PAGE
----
Tube Bending Services
Tube bending uses metal-forming techniques to bend the material into precise layouts and shapes without crimping or weakening the metal. Most bending takes the form of elbow bends at different degrees or U-bends.
There are many types of tube bending methods for different materials, environments, and designs. G&J Steel & Tubing offers the following services:
In this technique, machinery bends tubing around a stationary bending die. Compression bending is faster and has a lower per-unit tooling cost than many other tube bending methods. However, it can’t be used for complex CNC designs or designs that require mandrels. It also has a relatively high labor cost on low-volume production runs, where the process will most likely be conducted manually.
Rotary Draw Bending
Unlike the stationary die used in compression bending, the rotary draw bending die moves to facilitate the bending process. The die uses CNC equipment to press itself against the tubing and then rotate the material into the required shape. This tube bending process can handle more complex designs and facilitates automated machining.
Other advantages of rotary draw bending include:
- Mandrels. Mandrels are inserts that stop tubes from crimping, wrinkling, or ovalizing during the bending process to preserve the integrity of the interior shape. Rotary draw bending can handle machining with tight CLR ratios, or bends with sharp angles. Specialty processes, such as split dies, can be customized to provide bends with an angle greater than 180°.
- Automation. Automated processes guarantee more consistent results for production runs that need to have identically shaped outputs from start to finish.
- More material options. Rotary draw bending uses CNC benders, which can apply enough force to bend denser or thicker material.
Coiling is a complex bending process because the tube needs to set against itself in a very precise layout to facilitate reliable heating or cooling operations. The process demands a tight configuration that fits as much tubing as possible into a set space.
G&J Steel & Tubing, Inc. uses several different processes, including manual coil machines, serpentine benders, and 6-axis CNC benders to create ideal configurations for different heat exchange applications.
Tube coiling is a specialized process for machining heating and cooling components and is considered to be a specialized form of tube bending.
The engineers at G&J Steel & Tubing can help guide the design process for coil configurations. Some of the most important factors in creating coiling designs include:
- Degree of change during heat exchange from starting temperature to ending temperature
- Entry and exit points to finalize end forming and fittings
- Heating or cooling functions of the coil
- Pressure in the coil’s gas or liquid fluids
- Size and distance
- Space restrictions, which decide whether the coil will use serpentine, helical, or box coils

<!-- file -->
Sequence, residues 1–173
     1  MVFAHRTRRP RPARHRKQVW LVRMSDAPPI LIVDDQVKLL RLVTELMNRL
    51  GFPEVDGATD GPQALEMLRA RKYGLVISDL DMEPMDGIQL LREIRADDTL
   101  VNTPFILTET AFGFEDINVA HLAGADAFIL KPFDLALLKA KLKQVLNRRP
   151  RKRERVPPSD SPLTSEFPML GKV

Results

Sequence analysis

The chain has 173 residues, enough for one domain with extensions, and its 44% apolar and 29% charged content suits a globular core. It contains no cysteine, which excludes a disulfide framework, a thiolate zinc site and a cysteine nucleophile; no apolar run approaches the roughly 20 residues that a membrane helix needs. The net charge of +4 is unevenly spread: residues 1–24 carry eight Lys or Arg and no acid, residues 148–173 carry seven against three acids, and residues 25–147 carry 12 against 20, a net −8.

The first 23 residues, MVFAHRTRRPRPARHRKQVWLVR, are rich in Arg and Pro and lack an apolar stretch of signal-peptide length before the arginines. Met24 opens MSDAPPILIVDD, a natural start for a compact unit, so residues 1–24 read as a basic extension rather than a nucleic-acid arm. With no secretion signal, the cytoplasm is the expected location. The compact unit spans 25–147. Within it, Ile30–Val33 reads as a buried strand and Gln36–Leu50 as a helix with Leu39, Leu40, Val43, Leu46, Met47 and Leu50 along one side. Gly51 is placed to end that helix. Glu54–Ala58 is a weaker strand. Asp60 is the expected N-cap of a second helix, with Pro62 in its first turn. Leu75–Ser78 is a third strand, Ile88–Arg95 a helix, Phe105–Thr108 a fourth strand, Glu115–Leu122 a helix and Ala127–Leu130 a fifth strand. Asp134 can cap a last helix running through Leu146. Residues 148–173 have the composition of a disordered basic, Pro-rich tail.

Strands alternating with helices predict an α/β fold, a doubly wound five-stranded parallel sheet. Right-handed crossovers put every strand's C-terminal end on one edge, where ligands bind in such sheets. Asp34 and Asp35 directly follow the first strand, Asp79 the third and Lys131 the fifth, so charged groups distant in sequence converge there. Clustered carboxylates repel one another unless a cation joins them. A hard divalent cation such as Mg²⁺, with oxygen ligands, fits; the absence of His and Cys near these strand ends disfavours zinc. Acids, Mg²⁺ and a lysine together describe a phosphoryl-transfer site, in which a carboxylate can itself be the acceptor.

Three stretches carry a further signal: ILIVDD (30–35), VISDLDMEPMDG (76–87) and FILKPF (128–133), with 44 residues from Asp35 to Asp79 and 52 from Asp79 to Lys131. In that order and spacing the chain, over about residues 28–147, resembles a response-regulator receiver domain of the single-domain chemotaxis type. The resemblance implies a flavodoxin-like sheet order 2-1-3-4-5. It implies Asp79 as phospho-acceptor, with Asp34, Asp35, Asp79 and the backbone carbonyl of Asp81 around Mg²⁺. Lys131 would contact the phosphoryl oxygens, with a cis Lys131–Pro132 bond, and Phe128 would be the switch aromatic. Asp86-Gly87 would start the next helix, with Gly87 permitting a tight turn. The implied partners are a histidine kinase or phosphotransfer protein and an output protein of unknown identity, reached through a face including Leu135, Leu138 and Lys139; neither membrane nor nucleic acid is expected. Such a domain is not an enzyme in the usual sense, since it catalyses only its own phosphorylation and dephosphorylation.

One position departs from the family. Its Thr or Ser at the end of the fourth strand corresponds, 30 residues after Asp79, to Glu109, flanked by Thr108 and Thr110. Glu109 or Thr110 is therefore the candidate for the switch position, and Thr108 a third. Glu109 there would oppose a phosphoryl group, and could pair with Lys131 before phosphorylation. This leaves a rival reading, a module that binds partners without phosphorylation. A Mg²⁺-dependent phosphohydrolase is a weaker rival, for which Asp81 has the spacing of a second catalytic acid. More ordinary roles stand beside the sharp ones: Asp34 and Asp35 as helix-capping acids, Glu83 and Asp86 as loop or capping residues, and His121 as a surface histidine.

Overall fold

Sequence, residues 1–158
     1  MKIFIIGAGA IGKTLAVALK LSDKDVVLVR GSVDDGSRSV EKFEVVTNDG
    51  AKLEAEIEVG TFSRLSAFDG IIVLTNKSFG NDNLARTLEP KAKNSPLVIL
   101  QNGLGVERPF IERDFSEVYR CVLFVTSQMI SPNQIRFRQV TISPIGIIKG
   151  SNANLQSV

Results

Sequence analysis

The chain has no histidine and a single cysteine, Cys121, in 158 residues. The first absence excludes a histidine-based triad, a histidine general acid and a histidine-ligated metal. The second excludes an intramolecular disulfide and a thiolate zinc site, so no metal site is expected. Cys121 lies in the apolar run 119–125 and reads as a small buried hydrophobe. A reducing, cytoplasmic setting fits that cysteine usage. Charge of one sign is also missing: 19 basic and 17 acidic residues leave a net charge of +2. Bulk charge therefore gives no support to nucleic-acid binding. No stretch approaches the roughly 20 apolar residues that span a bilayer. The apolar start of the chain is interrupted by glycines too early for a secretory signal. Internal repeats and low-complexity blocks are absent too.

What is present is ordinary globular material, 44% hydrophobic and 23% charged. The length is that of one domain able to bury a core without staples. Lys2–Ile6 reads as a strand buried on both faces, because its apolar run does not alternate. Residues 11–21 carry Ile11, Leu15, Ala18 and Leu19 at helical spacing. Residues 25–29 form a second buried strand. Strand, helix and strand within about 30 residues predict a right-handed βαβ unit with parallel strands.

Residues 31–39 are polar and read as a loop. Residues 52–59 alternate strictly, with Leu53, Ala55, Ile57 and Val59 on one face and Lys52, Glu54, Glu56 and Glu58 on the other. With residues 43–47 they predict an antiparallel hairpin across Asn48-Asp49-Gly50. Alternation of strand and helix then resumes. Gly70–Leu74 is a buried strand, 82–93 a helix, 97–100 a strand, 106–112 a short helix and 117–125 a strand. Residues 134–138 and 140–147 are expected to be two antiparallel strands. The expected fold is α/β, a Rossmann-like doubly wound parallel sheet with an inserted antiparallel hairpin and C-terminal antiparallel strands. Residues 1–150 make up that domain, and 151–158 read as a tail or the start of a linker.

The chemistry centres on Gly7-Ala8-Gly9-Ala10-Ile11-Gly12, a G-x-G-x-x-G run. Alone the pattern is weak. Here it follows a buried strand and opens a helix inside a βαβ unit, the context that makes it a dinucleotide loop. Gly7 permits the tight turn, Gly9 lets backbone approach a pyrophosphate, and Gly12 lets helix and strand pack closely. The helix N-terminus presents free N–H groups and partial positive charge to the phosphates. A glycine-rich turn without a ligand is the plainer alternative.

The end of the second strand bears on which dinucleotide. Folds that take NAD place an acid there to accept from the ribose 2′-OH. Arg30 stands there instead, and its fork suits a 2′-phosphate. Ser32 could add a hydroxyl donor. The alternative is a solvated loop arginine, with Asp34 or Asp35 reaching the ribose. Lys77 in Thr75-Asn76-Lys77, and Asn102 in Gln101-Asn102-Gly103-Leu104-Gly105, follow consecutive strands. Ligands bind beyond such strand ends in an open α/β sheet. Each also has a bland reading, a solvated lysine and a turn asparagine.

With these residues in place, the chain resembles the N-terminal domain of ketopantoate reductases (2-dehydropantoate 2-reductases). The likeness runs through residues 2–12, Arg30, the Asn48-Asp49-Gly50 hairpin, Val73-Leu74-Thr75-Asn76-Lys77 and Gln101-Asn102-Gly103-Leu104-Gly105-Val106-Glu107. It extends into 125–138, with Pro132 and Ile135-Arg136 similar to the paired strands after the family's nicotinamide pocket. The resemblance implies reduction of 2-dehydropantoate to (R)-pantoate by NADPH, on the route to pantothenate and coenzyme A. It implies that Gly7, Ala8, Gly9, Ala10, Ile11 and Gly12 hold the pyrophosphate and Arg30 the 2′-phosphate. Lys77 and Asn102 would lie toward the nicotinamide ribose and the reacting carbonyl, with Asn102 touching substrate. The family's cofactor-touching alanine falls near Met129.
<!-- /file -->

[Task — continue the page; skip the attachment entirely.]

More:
Custom Tube Bending
G&J Steel & Tubing offers a wide range of possibilities for creating custom tube configurations. Our compression specifications allow for tubing materials of up to 2 inches in outside diameter (OD) and wall thicknesses from 0.01- 0.125 inches. The tubing material can also be from a wide range of commonly used metals and alloys.
Our standard tolerance is ±0.015 inches for compression processes and ±0.010 inches for rotary draw bending. Tighter tolerance levels are possible for custom tube bending projects, especially when utilizing CNC tube bending processes.
G&J’s team has years of custom tube bending and design experience, which means your custom projects will be expertly machined. All custom machining is handled in-house and uses tube CMM technology for quality assurance checks and final inspections. Our quality assurance policies also comply with ISO industry standards for reliable and replicable end products.
Engineering Tips for Bending
- Center Line Radius (CLR) – Bends with a CLR to OD ratio of 2 to 1 or above can be used without a mandrel. For example, a 1” OD with a 2” CLR. Mandrel bending is required for CLR to OD ratios below 2 to 1, requiring higher labor costs and tooling charges. Try to avoid a 1 to 1 ratio as this requires even more expensive tooling and labor cost.
- Tangents – Avoid having tangents of one bend blending into the tangent of an adjacent bend. It is best to have a straight distance between bend tangents so the tubing can be gripped. When one tangent is close to another tangent, special grips are required to grip the tubing.
- Bend Stretch/Compression – Gripping and bending of tubing requires significant force. This will cause the wall to stretch and thin around the outside radii, and it will compress and thicken on the inside radii. The tighter the bend radii the greater this condition.
- Bends Near the End of the Part – Try to allow for some straight distance from the last bend to the end of the tube. This will allow for the material compression/stretch condition around the tube bend, causing the ends of the tube to become unsquare. If the straight is too close the last tangent trimming & deburring will be required which adds cost, time, and tooling.
- Spring Back– This is the condition in which metal wants to return to its original state or condition when bending force is applied. Spring back is a major consideration when selecting bend tolerance. To control this we must compensate by over-bending a few degrees. The harder the material the greater the spring back compensation factor required.
- Material Temper – When designing a bent tubular part consider using soft, or annealed, tempered material when possible. This helps reduce spring back, reduces stretch/compression, and prevents wrinkling or breakage.